To try and get community buy-in for school closings and new school openings, CPS has chosen four neighborhoods in which officials plan to develop a school improvement plan. The communities–Englewood, Grand Boulevard, Humboldt Park and Austin—all have struggling schools that are prime targets for some type of action from the district.
To try and get community buy-in for school closings and new school
openings, CPS has chosen four neighborhoods in which officials plan to
develop a school improvement plan.
The communities–Englewood, Grand Boulevard, Humboldt Park and
Austin—all have struggling schools that are prime targets for some type
of action from the district.
Officials say the “school action process” will involve informing
parents, teachers and community members about how their schools are
performing and helping them come up with ways to improve them. Then, if a
school doesn’t improve, the community will help decide whether the
school should be shut down, undergo a turnaround or replaced with a new
The process will be led by Bill Gerstein, the former principal of Austin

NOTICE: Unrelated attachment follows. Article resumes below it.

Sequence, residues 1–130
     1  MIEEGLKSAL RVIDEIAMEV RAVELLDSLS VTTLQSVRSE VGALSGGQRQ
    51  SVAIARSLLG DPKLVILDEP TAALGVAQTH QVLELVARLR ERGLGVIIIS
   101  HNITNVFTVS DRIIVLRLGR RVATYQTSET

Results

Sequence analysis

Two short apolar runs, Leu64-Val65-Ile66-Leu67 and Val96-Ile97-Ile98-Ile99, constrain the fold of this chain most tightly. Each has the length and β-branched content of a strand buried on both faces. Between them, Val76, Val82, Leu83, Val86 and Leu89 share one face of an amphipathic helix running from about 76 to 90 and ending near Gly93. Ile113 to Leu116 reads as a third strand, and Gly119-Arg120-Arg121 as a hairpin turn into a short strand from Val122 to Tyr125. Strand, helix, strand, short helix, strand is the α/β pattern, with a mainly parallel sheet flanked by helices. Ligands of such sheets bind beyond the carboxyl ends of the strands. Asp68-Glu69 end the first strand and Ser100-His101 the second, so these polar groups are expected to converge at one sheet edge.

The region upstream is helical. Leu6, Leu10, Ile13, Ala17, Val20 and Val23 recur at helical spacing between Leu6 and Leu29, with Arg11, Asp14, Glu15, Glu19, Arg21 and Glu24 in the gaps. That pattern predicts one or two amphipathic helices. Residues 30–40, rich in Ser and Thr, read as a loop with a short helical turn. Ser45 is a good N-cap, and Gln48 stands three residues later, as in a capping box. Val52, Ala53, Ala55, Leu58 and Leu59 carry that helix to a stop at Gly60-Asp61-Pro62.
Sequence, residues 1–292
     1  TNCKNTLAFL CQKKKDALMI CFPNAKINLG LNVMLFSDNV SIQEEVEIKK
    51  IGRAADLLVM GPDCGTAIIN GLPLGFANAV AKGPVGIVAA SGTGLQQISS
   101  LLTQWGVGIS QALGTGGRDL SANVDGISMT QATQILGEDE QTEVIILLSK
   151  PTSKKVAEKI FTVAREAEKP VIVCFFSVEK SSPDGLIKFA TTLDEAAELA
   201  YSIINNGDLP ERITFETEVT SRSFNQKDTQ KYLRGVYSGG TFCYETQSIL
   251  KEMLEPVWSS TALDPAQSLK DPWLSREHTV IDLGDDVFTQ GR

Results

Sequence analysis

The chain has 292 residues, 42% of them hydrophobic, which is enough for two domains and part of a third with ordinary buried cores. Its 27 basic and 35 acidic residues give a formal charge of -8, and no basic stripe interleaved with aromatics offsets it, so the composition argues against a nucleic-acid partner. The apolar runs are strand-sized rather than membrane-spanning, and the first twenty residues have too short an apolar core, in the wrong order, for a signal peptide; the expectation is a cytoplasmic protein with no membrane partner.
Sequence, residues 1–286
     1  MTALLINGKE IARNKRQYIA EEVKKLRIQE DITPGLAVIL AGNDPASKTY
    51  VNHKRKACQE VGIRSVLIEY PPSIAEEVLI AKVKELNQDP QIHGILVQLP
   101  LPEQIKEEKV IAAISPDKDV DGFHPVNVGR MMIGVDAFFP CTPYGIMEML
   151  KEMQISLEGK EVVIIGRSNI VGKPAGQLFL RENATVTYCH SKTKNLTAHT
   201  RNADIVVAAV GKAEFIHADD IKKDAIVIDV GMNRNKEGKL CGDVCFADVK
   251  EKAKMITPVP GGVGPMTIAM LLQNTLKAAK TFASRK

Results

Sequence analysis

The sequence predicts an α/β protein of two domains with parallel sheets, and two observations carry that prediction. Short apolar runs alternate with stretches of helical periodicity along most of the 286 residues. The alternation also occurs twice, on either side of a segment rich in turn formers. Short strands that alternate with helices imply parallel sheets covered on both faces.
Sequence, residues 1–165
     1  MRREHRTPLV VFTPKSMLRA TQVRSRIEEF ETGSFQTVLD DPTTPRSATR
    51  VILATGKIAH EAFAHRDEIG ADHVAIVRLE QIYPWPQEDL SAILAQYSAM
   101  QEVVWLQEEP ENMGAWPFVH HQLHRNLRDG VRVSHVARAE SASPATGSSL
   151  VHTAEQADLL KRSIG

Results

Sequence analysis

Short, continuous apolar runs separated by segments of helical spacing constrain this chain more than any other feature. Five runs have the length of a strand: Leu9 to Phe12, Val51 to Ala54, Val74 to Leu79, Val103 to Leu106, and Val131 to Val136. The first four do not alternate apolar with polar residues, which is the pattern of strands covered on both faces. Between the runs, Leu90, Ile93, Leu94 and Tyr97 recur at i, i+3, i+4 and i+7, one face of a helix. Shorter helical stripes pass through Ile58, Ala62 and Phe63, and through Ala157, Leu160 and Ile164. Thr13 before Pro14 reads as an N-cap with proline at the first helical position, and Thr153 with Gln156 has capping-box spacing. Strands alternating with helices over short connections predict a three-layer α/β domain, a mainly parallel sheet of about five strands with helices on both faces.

Polytechnical Academy and South Shore School of Entrepreneurship.
Gerstein says he hopes that through the process, CPS will do a better
job of understanding and preparing for the impact of a school closing or
opening on other neighborhood schools.
“We don’t look at communities as eco-systems, when we should,” Gerstein says.
Each community will have a council made up of residents and lawmakers,
who will be responsible for spearheading discussions. In Austin and
Grand Boulevard, the process will coincide with an initiative funded by
the Chase Foundation to improve education in those communities.
Gerstein also would like to include charter schools in the discussions.
At the same time that CPS is spearheading this effort, the Chicago
Educational Facilities Task Force is about to start holding public
hearings. The first will be held from 4 p.m. to 7 p.m. Tuesday, August
31st, at Northern Trust Bank, 7801 S. State Street.
In October 2009, the task force was created to “ensure that school
facility-related decisions are made with the input of the community and
reflect educationally sound and fiscally responsible criteria.” It was
sparked by complaints from neighborhood activists that CPS made
decisions about schools without consulting the community.
Cecile Carroll, an education organizer at Blocks Together, says she’s
aware of the new school action process, but is skeptical of its
potential impact because of past experience with the district. Carroll
still thinks there’s a need for state law to govern the school opening
and closing process.
Gerstein is realistic about the fact that there will always be
opposition to drastic school actions, such as closings or turnarounds.
But by “truly being transparent” and upfront, he says, such opposition
can be tempered.